Nobody likes the feeling of a down day in the market, let alone a down week, month, or year. It can be tempting to try to time the market, seeking to avoid the bad times and get in for the good times. Part of the problem with this approach is that many of the best days in the market can be around some of the worst days.
So in order to be successful, you would have to be right over and over in your timing of getting in and out of the market throughout the year. Sounds exhausting, emotional, and quite impossible!
The Best Days are Often Around the Worst Days
One interesting article by Elyse Ausenbaugh, Global Investment Strategist at JPMorgan titled The Case for (Always) Staying Investedshows that it’s important to participate in the best days in the market. But the best days in the market may not always be during times you might expect.
The article illustrates this with a chart showing the returns of the S&P 500 Total Return Index between January 2002 and January 2022. The chart indicates that “Seven of the 10 best days occurred within fifteen days of the 10 worst days.” This shows the difficulty of timing the market, as many of the best days and worst days have been closely clustered together.
A piece by Hartford Funds shows that “78% of the market’s best days have occurred during a bear market or during the first two months of a bull market when it was difficult to tell whether a bull market had even begun. This means sitting out could mean significantly missing out.” (Ned Davis Research, 2/22, time period from 1991-2021).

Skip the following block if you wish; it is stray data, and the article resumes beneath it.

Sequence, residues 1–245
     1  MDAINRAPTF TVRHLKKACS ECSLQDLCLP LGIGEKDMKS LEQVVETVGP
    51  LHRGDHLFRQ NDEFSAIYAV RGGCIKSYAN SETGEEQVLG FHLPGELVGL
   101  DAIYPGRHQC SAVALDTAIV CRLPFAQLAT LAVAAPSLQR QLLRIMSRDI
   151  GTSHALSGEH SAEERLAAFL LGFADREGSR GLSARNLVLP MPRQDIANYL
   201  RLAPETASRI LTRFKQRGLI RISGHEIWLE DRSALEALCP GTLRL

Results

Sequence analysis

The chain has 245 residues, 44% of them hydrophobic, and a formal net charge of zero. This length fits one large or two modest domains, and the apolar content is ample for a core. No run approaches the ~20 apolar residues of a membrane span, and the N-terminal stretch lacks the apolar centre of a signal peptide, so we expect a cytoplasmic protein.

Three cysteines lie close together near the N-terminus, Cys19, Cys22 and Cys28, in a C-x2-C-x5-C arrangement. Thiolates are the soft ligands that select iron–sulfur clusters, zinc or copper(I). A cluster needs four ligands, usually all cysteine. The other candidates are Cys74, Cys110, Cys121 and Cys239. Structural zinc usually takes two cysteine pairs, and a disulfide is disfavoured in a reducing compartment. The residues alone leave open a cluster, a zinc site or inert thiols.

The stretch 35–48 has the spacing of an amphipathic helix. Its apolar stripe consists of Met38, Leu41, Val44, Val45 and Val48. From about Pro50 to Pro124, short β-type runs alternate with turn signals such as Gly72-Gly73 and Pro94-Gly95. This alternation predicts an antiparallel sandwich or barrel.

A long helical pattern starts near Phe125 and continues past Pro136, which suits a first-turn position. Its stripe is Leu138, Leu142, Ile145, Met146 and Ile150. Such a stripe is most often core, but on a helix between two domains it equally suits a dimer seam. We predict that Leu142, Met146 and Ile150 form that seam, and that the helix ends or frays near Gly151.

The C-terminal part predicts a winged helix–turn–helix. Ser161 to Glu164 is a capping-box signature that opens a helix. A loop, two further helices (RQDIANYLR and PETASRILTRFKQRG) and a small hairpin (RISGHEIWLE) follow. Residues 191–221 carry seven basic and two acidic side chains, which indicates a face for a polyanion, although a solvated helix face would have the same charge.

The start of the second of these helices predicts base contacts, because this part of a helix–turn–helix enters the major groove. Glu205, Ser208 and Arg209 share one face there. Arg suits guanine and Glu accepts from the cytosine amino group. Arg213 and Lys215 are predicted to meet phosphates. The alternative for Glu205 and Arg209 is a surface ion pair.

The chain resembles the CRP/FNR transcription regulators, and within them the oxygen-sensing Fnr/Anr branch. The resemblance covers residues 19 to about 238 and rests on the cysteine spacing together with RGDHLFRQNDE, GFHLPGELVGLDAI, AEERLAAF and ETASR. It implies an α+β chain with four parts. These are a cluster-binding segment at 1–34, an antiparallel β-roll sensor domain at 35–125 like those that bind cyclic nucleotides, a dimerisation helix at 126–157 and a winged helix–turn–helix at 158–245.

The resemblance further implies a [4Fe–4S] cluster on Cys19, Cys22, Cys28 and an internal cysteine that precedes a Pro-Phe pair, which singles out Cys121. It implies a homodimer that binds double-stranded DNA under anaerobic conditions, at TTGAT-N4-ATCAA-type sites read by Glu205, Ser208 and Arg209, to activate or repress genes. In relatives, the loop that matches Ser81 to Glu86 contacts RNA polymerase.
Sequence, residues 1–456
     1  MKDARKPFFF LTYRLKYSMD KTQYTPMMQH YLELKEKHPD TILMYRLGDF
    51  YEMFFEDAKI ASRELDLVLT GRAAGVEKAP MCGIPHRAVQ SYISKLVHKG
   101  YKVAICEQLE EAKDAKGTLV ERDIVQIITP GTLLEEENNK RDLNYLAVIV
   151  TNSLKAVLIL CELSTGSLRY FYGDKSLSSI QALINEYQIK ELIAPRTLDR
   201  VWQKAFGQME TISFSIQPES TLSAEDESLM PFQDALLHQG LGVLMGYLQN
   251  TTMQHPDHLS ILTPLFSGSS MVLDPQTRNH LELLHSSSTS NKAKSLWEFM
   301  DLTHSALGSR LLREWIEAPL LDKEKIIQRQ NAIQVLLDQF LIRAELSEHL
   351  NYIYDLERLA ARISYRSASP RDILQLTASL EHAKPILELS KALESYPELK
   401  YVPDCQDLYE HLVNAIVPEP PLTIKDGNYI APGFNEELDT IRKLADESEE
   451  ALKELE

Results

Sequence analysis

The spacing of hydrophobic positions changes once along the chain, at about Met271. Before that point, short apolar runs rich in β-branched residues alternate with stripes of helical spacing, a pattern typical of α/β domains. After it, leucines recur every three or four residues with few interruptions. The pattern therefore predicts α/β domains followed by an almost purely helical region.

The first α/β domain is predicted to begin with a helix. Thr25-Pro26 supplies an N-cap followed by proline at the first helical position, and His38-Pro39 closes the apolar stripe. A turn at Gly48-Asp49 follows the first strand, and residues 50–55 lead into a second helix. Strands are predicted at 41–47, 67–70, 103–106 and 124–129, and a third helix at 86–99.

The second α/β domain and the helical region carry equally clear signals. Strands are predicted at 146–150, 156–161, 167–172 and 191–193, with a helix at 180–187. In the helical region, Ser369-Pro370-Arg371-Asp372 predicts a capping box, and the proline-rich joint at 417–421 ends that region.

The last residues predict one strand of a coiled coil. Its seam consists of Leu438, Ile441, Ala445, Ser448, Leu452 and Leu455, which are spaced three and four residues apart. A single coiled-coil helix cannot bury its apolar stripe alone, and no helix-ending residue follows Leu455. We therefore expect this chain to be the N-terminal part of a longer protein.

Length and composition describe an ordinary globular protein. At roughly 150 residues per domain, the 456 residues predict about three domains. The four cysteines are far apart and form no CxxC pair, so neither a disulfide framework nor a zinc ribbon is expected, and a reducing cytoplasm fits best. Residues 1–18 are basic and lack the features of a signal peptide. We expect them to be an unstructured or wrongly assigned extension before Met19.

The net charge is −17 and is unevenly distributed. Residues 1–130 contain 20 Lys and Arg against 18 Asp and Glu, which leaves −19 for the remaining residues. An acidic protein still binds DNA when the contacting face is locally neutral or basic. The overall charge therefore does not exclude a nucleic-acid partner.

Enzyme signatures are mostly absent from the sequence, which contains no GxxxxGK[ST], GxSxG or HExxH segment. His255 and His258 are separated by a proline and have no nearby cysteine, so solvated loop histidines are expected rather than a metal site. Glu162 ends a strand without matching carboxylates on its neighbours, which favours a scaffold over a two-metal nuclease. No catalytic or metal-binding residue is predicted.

Missing the Best Days in the Market Can Hurt Performance Significantly Over Time
The impact of missing some of the best days in the market on your returns can be stunning. To illustrate, see the chart below from the previously referenced JPMorgan article:
Staying Invested is How You Can Assure Yourself of Participating in the Best Days
The only way we can assure ourselves of participating in the best days in the market is by staying invested! Staying invested also means that we will experience the bad days, too. That’s okay! Becoming more comfortable with this is one of the most important traits you can have in order to build wealth in the markets over time.
Jack Manley, Global Market Strategist at JPMorgan Asset Management, has reminded us that “success in both investing and retirement requires investors to focus on what they can control, like saving patterns and asset allocation. During periods of extreme volatility, emotions can often interfere with this success.”
Staying the course during times of uncertainty and volatility isn’t always easy, but we are here to help you navigate the storms and stick to sound investment principles.
Note: I wrote something back in May 2022 that is very similar to this, but I wanted to write about it again to reiterate its importance. Click here to reference what I wrote back in May.
- 3 Reasons to Stay Invested (Fidelity)
- You May Miss the Market's Best Days If You Sell Amid High Volatility (CNBC)
Content in this material is for general information only and not intended to provide specific advice or recommendations for any individual. All performance referenced is historical and is no guarantee of future results. All indices are unmanaged and may not be invested into directly. The opinions expressed in this material do not necessarily reflect the views of LPL Financial.